“Place is an environment claimed by emotion.” -Anonymous
On the summer solstice I drove through the borderlands of southwest Texas, long stretches of fenced and gated land where natural gas pipelines and storage facilities shared the landscape with low willowy green trees and the purple-flowering Texas Ranger bush. Some unseen water source suddenly fed pecan groves and alfalfa fields, then disappeared, the flat acreage fading into sagebrush and blooming yuccas, the unnerving surprise of a long bridge with insanely low guardrails spanning the empty air above the Pecos River gorge.
Glimpses of smaller, mysterious canyons kept luring my eyes to the south. Road cuts became outdoor art installations of gray and pink ancient seabeds layered as if the most skilled stonemasons had set the perfect ribbons of rock just yesterday. For miles the highway curved and undulated in front of me.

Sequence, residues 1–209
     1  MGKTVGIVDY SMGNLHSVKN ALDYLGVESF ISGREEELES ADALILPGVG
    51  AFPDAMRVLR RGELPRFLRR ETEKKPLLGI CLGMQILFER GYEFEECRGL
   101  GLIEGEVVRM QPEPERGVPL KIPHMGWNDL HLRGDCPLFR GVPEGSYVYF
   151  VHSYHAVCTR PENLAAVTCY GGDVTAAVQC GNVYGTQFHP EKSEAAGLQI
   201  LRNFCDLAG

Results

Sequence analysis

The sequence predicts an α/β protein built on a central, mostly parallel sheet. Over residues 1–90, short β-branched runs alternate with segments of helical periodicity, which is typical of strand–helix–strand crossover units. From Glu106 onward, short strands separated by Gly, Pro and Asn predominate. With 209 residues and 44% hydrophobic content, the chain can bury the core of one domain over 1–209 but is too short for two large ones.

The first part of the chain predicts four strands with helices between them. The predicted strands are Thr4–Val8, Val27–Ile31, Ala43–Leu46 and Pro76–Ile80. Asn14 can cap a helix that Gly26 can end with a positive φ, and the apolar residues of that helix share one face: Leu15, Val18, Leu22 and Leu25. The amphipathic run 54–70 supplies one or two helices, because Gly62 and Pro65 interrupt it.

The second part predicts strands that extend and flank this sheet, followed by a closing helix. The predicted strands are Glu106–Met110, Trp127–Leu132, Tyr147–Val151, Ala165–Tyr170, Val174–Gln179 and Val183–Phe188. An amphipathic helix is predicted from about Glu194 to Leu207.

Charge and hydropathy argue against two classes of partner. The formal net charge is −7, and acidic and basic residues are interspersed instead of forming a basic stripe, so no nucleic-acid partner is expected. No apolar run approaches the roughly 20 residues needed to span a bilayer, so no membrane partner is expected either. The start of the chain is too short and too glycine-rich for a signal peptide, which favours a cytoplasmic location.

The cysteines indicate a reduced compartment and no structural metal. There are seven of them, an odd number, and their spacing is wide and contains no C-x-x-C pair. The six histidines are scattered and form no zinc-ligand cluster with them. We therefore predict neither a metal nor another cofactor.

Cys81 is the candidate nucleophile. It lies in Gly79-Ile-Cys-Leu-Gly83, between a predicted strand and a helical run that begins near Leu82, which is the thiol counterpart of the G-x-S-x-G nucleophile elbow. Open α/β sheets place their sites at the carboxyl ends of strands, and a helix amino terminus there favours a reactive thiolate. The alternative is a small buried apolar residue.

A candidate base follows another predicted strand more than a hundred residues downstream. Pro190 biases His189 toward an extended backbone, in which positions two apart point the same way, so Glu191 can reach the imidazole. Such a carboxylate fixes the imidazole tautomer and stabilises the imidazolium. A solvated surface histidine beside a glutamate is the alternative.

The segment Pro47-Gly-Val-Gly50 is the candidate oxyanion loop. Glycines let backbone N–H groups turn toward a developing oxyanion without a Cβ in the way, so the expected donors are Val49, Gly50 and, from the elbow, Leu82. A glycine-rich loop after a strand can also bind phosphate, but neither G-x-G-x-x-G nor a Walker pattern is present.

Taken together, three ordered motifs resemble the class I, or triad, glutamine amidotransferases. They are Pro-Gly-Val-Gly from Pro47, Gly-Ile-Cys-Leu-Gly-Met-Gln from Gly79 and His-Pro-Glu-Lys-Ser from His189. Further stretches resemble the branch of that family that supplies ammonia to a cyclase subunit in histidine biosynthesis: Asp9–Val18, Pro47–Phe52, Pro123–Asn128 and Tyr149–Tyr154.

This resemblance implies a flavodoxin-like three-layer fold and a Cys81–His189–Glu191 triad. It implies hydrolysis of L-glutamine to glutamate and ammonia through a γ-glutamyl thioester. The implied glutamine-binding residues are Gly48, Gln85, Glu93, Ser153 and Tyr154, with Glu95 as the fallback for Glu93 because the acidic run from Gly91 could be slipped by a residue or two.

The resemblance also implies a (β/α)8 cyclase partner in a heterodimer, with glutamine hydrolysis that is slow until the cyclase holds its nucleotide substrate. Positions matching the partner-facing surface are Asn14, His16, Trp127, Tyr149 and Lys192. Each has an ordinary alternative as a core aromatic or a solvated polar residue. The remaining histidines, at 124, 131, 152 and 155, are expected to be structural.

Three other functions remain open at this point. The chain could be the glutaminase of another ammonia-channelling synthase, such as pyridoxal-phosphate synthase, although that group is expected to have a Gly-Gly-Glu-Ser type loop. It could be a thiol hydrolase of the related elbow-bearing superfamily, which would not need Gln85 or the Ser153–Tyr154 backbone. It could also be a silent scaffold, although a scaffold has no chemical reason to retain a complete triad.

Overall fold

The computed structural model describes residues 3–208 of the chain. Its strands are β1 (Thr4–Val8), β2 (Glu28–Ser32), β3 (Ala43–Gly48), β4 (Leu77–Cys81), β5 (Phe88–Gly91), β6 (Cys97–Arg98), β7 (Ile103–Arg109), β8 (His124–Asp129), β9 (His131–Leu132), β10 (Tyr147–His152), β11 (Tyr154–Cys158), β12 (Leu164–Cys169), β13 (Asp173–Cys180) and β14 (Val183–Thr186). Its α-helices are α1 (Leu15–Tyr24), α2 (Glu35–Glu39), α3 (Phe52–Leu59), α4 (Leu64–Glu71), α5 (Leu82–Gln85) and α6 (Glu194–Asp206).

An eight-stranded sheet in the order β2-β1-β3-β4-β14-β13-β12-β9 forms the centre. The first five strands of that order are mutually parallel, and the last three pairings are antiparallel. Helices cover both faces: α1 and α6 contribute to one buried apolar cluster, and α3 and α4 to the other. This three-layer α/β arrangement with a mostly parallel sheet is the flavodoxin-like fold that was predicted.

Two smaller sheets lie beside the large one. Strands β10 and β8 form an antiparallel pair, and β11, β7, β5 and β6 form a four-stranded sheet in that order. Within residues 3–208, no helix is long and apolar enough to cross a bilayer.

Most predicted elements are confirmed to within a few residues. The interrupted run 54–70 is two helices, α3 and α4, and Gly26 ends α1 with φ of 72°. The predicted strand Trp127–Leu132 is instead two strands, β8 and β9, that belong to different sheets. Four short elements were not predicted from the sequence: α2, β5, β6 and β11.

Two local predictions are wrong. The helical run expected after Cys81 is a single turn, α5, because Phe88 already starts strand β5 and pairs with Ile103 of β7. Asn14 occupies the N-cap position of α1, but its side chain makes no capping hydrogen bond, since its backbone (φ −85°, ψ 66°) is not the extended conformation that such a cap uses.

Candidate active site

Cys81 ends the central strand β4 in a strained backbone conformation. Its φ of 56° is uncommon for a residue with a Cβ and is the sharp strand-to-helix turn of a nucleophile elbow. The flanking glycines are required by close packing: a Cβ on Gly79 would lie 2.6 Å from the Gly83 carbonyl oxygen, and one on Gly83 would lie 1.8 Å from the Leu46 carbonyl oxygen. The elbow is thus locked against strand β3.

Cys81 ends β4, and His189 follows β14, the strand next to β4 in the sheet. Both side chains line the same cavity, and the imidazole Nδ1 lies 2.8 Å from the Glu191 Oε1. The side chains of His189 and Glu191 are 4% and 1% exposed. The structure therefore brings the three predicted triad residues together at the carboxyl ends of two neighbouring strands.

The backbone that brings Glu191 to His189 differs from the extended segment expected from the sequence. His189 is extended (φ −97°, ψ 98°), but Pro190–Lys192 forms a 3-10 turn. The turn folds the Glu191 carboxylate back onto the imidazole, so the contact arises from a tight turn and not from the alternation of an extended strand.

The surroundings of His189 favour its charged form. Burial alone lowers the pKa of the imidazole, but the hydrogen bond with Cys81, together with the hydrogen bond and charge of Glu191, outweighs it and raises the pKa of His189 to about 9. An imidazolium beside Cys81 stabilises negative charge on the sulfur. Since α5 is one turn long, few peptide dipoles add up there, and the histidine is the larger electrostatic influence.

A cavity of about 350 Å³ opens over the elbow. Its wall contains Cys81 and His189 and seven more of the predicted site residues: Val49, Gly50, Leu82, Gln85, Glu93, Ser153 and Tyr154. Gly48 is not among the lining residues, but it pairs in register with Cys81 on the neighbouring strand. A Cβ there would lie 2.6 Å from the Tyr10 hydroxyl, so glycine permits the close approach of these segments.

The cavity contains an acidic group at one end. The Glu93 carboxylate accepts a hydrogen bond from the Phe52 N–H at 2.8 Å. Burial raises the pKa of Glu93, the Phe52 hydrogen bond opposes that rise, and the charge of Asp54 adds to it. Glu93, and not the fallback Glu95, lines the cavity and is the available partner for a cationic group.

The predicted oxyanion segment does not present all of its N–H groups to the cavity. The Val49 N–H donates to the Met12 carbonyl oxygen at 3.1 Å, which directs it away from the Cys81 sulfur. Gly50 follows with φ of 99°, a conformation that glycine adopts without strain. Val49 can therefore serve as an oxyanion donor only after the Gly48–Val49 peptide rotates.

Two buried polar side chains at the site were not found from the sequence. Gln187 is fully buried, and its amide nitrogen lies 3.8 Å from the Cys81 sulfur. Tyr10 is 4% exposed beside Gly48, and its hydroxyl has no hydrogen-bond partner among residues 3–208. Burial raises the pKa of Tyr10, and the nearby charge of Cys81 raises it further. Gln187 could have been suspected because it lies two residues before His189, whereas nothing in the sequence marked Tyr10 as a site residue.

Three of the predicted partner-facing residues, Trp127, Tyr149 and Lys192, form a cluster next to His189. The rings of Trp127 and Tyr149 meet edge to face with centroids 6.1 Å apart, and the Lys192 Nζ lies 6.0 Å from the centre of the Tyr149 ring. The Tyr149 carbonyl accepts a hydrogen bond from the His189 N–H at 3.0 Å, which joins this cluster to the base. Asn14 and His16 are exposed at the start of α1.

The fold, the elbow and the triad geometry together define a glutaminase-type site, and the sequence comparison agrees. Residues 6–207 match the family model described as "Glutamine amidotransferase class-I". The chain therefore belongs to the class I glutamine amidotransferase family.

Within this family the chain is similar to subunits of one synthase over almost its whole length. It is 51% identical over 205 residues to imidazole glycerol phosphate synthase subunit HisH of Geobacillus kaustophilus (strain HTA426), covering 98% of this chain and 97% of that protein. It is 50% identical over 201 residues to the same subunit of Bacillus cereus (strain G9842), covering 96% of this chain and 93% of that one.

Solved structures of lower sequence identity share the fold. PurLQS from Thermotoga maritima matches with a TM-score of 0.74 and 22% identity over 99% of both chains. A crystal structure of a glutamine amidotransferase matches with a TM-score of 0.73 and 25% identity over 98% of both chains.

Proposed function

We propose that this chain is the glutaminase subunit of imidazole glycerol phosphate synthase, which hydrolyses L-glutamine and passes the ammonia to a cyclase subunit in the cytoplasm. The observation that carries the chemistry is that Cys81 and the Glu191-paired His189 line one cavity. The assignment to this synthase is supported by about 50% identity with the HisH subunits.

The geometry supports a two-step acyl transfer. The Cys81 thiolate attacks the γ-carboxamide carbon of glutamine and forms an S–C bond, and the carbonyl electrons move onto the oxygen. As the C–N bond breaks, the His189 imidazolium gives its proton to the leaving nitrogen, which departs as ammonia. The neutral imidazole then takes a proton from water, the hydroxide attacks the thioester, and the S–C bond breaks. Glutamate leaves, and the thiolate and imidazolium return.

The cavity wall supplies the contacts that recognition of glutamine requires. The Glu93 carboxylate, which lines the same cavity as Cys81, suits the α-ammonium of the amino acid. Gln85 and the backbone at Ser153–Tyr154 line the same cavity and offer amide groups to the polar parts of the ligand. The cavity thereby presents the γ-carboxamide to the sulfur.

This storm seduced me away from the canyons, my eyes wandering north as its billowing clouds grew darker, mushrooming wider and higher with each minute. It caught up with us in Marfa, the intense heat blown away by raindrops the size of silver dollars and wind that churned the storm to the south then back north again.
It’s quiet now, the late night sky still filled with the dance of lightening no fireworks display can match. I write this as a meager gauge against the wonder that is always there, something infinite and unnamable and as necessary as the air I breathe. A wonder sometimes only seen on long drives through what appears to be the most desolate of places.